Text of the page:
Thursday, October 22, 2015

Necessary Lies by, Diane Chamberlain narrated by, Alison Elliott

Necessary Lies by, Diane Chamberlain narrated by, Alison Elliott

Another fascinating book about the eugenics program in North Carolina this time told from the perspective of a new social worker who is appalled at the program. The first book I read on this subject was “Unfit by, LaraCleveland Torgesen” which I found fascinating and I think both of these books should be read to really get a feel for what these poor women/young ladies/children went through.

Jane may be a woman ahead of her time because the only respectable job for a lady was a school teacher or nurse especially when you are married to a pediatrician who really doesn’t want you to work. You surely don’t go to work as a social worker, working with the poor and god forbid the coloreds , it made me sick that her husband was more upset about her having to work with the coloreds and that she wasn’t there to have dinner waiting for him. I for one am so glad at how far we have come as women!

We also meet Ivy Hart who is one of Jane’s clients Ivy is trying to keep her little family together even though she is only 15 years old herself. She takes care of her grandmother who has a problem with sugar which we now call diabetes and an older sister who has already had one illegitimate child but little William is the apple of everyone’s eye and they do try their best to take good care of him. But when Jane takes over as case worker everything changes, Jane makes a discovery and tells a secret that changes everything for the Hart family.

I really liked this book, this was a new to me author and narrator and I enjoyed them both very much. I liked the authors writing style and I found the subject matter well handled. The characters in this book are nicely fleshed out and it gives us a frightening look into social work in the 1960’s in North Carolina, which was the one state that continued the eugenics program longer than any other state, so many women (and men) were sterilized just for being poor or colored, which I feel is horrifying.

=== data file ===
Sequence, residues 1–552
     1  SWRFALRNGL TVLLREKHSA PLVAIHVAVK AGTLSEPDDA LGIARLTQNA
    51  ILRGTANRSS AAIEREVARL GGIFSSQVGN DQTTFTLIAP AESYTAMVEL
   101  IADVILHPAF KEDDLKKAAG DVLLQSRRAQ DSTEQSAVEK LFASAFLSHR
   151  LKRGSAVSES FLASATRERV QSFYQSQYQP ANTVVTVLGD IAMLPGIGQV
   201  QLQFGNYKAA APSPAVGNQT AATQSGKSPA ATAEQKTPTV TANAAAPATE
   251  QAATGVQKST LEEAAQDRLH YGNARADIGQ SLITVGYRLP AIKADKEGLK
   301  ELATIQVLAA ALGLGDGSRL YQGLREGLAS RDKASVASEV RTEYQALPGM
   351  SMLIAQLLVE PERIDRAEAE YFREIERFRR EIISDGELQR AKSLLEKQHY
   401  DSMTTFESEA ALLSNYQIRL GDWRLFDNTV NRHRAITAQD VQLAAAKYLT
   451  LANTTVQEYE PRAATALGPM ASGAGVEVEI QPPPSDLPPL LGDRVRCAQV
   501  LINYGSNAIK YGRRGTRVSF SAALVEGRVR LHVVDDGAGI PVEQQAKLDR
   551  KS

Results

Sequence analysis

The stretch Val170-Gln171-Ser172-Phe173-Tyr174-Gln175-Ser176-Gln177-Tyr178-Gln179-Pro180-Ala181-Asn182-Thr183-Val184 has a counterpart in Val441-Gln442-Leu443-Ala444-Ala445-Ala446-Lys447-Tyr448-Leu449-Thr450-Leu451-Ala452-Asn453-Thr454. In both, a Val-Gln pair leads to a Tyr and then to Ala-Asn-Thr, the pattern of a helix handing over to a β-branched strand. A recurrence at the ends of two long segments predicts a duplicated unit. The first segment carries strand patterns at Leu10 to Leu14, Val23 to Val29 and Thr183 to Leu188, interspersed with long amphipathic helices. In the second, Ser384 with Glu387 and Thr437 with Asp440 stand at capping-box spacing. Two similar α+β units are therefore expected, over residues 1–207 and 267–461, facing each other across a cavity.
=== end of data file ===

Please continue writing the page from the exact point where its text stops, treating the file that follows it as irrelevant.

Narrator Alison Elliott did a really good job at portraying both of these women and I thought she added to the telling of this story I will definitely listen to her again.

I will be looking for other books by this author.

4 ½ Stars

Wednesday, October 7, 2015

Still Missing by, Chevy Stevens narrated by, Angela Dawe

Still Missing by, Chevy Stevens narrated by, Angela Dawe 

This is going to be a short review because I don’t want to give anything away so you can read it yourself.

I really enjoyed this one! The reveal of who was behind it all shocked me completely and that doesn’t happen often, so Kudos to the author!

Annie was kidnapped and held prisoner by a sadistic rapist for a year, when she finally gets away and gets home there are so many unanswered questions, like why did the Freak (as she calls him) pick her, how does he have a picture of her, how does he know so many details about her life, friends and family, and was he working alone. Annie of course is having trouble dealing with life outside of captivity but she doesn’t want to burden anyone so suffers alone, however she is finally seeing a psychiatrist and we get an inside look into what the Freak did to her and all that happened in captivity during her sessions. As the story unfolds you totally understand why Annie is having a hard time adjusting and feeling safe.

Angela Dawe’s narration was really good she gave everyone a distinct voice and didn’t get too shrilly when Annie was dealing with things which I was happy about. This was the second book I’ve listened to by this narrator that I really enjoyed so I will definitely listen to her again.

I highly recommend this book, I enjoyed the authors writing style and how she kept the suspense going throughout the book. I have already put her newest book on hold and will be working my way through everything she has written.